Piel Castle
Piel Castle
Piel Castle is a ruined 14th century fortress standing on an island at the entrance to Barrow-in-Furnes harbour. The castle is composed of a vey imposing stone keep, with inner and outer baileys and extensive curtain walls surounded by two moats. It was built in 1327 by the Abbot of Furness as a measure to guard Furness against attack by Scottish raiders or pirates.
The Bishop based his castle on the remains of an earlier simple fort established during the reign of King Stephen (1135-1154). The castle was partly dismantled in 1403, but was rebuilt in 1429. It was left to moulder after that, however, and by 1537 it was in ruins. It was later used as a fortified warehouse for storing grain and wool. The castle remains are generally in good condition, but the easternmost part of the site has fallen into the sea due to the effects of erosion.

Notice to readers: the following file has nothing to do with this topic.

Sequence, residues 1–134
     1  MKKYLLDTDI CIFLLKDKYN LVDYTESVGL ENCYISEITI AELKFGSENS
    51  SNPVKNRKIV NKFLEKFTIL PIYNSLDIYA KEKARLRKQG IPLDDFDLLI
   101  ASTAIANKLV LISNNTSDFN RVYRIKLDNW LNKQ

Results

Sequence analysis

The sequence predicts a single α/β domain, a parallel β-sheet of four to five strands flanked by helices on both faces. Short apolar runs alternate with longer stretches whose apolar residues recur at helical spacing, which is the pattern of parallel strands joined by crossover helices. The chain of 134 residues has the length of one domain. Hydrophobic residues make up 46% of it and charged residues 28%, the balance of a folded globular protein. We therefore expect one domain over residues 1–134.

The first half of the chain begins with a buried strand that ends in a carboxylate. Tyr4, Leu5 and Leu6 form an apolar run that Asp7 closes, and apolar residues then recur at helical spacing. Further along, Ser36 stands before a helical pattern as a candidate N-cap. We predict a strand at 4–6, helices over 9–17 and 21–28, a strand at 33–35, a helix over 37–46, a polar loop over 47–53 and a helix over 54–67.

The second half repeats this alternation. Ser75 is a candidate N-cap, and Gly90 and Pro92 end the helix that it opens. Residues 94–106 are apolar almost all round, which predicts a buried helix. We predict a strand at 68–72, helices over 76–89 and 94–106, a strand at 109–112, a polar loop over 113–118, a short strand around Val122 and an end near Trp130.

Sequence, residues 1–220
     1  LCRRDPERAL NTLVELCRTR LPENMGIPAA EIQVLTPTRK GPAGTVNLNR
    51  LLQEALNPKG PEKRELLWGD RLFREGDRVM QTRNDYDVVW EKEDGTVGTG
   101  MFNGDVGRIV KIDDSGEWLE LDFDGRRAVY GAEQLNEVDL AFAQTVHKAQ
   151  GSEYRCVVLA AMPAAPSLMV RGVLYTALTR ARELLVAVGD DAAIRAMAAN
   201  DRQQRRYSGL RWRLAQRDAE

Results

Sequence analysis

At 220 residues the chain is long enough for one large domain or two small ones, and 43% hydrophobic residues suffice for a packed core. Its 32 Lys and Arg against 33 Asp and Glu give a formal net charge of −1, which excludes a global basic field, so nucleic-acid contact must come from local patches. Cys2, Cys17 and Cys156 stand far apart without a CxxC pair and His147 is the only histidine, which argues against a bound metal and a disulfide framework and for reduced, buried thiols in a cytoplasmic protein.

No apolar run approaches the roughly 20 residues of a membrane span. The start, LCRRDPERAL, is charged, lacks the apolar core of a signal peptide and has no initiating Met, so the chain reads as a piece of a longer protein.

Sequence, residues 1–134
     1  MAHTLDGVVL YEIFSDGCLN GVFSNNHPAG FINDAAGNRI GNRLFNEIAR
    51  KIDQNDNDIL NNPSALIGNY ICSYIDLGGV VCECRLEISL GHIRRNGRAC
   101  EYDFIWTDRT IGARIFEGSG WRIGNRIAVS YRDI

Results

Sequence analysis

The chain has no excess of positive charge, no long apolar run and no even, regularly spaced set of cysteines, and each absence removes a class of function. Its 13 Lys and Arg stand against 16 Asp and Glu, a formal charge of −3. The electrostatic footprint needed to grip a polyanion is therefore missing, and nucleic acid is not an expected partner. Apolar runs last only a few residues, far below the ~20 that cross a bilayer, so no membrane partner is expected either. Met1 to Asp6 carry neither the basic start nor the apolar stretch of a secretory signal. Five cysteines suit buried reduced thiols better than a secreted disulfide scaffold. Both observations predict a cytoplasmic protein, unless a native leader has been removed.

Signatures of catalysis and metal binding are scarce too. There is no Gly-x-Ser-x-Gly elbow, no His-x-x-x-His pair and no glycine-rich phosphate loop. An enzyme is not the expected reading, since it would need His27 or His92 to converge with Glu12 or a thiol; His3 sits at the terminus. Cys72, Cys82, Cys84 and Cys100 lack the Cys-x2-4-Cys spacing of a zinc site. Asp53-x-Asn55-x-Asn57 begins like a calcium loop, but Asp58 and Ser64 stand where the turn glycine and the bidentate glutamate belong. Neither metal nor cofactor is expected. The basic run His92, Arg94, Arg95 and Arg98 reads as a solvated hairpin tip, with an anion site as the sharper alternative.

A curious tradition persists on Piel Island. If you ask for the honour, the landlord of the Ship Inn can proclaim you a 'Knight of Piel Island'.